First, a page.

CNCC welcomes new leadership at board meeting Monday
President Ronald Granger says college is not in 'a dire situation' with finances
Craig — Excitement was the word of the day at Colorado Northwestern Community College in Craig as the college welcomed back teaching faculty and officially greeted the new President Ronald Granger.
“We are so excited about being involved in both communities and campuses. We researched and talked with people who’d grown-up here. There are so many opportunities between the campuses and the services that we can offer to students,” Granger said.
When he says “we” Granger refers to his wife Alisa, a photographer and “outdoors woman” and their 7-year-old granddaughter who has moved to Rangely with the couple. The Grangers have a total of 7 children and 12 grandchildren.
“I say ‘we’ because we make all our decisions together,” he said.
The family arrived in Northwest Colorado from Riverton, Wyoming where Granger was vice president of administrative services. He and his family moved west after surviving a tornado that destroyed much of Joplin, Missouri in 2011. He spent over 30 years in education beginning his career as a high school educator and coach before moving into higher education working in community college systems for the last 14 years.
Granger steps into the role just as the Colorado Community College System, the state body governing CNCC, instituted a hiring freeze to allow the new president time to reassess the needs of the college and to examine the budget to better understand why half a million in cash reserves was needed to balance last year’s budget.
“I’ve had nine years work as the vice president of administrative services, finance was a big part, and ensuring revenues match forecasts. I also had experience working outside of schools in construction,” Granger said. “Colleges are not like any other industry as you forecast revenues, but then costs are paid up-front before revenues come in. The challenge is ensuring forecasts are accurate so that revenues do not exceed expenditures.”
Recent hiring in the CNCC business office has made forecasting particularly challenging as new staff had to be trained to use the software accounting system, Granger said.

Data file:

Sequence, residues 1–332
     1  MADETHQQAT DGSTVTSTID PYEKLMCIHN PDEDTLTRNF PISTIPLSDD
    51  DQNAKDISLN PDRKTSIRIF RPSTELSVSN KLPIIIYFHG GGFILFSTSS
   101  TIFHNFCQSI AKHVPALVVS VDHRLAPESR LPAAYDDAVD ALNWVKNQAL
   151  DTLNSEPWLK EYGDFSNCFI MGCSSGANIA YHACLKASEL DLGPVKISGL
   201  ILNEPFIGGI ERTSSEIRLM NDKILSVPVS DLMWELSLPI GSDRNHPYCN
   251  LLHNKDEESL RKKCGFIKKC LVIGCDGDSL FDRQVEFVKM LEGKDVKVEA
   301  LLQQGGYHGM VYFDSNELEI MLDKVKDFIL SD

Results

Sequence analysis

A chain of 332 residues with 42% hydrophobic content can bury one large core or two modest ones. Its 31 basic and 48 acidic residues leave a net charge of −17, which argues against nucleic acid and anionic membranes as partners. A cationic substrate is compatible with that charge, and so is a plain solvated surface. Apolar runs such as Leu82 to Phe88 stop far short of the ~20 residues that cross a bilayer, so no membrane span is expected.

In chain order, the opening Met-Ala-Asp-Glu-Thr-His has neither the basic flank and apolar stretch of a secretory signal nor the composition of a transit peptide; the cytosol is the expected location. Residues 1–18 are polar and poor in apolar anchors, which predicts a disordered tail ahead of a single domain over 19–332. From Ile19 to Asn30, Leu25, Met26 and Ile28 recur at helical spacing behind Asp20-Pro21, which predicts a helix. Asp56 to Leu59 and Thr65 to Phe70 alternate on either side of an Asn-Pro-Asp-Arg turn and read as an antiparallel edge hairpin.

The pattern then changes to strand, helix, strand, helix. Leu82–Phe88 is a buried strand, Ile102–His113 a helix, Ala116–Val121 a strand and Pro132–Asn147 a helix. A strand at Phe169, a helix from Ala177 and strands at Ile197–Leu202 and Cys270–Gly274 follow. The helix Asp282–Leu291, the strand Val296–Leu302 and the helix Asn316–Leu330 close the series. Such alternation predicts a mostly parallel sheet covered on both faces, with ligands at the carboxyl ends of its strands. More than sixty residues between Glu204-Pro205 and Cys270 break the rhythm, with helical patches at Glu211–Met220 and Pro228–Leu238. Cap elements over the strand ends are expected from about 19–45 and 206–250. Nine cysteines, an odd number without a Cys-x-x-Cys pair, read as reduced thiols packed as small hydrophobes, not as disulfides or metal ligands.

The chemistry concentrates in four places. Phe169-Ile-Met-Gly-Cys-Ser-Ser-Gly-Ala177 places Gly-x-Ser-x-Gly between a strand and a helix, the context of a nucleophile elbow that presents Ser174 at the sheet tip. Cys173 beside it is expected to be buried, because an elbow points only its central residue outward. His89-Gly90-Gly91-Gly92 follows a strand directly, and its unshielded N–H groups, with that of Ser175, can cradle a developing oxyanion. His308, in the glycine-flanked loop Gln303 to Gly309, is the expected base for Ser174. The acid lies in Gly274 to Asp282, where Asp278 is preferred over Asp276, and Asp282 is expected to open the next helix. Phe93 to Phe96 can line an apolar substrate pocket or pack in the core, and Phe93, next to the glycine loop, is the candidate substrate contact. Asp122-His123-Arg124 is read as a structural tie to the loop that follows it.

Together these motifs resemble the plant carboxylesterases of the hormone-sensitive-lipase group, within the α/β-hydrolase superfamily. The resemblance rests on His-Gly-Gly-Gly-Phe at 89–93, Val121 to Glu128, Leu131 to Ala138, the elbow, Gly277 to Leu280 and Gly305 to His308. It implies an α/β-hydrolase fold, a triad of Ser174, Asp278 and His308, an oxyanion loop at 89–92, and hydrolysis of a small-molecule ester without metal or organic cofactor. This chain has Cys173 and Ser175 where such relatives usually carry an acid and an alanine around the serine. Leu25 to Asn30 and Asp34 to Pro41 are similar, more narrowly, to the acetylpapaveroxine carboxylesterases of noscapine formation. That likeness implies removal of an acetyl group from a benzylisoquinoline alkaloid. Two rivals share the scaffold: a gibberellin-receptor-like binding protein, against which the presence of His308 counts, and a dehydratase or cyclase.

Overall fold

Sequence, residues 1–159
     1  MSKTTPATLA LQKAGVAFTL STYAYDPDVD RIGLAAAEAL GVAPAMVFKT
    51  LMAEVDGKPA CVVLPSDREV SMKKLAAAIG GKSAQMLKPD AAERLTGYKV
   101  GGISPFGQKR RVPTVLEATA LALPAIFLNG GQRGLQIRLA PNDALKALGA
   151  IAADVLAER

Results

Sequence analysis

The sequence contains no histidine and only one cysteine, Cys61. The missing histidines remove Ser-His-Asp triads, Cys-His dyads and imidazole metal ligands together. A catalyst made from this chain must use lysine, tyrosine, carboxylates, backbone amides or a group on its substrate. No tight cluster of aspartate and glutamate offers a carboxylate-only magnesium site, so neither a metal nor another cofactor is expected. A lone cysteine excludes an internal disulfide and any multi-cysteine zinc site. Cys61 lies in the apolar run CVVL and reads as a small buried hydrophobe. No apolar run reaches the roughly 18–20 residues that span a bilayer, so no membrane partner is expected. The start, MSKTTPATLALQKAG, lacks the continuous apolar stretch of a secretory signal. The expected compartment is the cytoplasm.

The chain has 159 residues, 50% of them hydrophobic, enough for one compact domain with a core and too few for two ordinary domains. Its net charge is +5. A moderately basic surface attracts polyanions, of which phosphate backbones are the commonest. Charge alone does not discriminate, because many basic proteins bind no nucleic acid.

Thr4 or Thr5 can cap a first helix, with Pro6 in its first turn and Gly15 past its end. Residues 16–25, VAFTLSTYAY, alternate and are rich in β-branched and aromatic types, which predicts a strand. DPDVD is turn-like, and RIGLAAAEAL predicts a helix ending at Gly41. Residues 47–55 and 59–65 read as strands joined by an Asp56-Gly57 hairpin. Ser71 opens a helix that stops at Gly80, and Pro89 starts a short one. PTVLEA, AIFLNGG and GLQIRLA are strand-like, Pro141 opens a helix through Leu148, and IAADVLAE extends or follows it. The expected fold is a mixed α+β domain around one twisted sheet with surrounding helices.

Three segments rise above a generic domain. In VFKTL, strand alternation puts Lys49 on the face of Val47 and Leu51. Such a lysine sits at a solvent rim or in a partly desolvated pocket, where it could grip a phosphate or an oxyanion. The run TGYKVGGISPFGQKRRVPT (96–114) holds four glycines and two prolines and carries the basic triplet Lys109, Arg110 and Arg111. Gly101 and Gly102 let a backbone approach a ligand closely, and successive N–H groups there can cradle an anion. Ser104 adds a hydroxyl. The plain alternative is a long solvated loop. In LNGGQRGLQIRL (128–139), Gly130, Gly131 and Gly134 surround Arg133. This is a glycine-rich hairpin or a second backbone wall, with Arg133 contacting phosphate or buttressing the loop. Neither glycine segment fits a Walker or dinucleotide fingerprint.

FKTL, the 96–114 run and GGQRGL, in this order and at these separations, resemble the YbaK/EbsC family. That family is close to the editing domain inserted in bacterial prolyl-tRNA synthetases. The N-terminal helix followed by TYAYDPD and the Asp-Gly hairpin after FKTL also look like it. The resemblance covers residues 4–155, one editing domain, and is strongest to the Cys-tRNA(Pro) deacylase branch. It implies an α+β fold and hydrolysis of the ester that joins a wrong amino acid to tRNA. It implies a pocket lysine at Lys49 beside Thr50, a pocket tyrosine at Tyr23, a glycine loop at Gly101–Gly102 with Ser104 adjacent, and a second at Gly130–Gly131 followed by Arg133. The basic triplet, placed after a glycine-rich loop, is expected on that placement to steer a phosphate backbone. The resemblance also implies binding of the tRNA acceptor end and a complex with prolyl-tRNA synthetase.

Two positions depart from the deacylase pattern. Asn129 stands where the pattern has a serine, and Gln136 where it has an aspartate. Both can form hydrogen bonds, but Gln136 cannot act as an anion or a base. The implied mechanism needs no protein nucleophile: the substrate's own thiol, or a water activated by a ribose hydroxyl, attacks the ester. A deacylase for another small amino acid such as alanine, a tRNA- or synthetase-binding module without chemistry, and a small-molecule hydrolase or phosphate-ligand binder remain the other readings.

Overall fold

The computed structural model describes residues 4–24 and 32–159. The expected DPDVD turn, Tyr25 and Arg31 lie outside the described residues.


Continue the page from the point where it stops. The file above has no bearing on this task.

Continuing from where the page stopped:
“I’ve used the software before, and I’ll be able to do my own checking,” he said. “We are not in a dire situation. We are not broke. We’ve had some good years and we’ve had some not so good years. People are going to see a transformation for the good.”
When asked about the new president the college’s board Chairman Mike Anson said, “I am excited. We’ve been taking smaller steps, this is big and it feels like things are really coming together.”
The big changes include the new college men’s and women’s soccer teams. The teams were on hand Monday night with signed jerseys and soccer balls to both welcome the new president to the Craig campus and thank the Moffat County Affiliated Junior College District Board of Control for approving their creation.
Another project that’s coming together is the trying to develop student housing on the Craig campus. Board members approved spending $9,250 for Design West Architects to move forward with work to create conceptual drawings of the development. The work will include focus groups with students, staff and the board and will likely begin in mid-September or early October, according to Vice President of the Craig Campus Janell Oberlander.
The board was also excited when Oberlander reported that CNCC fall enrollment continues to climb from the 20 percent increase reported last week to over 25 percent increase this week, bringing more than 100 students to campus than last year.
“These numbers are still preliminary as they will fluctuate as students enroll, add and drop classes,” Oberlander said. “We are proud of the hard work by staff this summer to encourage new enrollment and by faculty to retain existing students. We are excited for the start of the fall semester on Monday.”
CNCC invites the community to a community barbecue hosted by the board at noon on Saturday.
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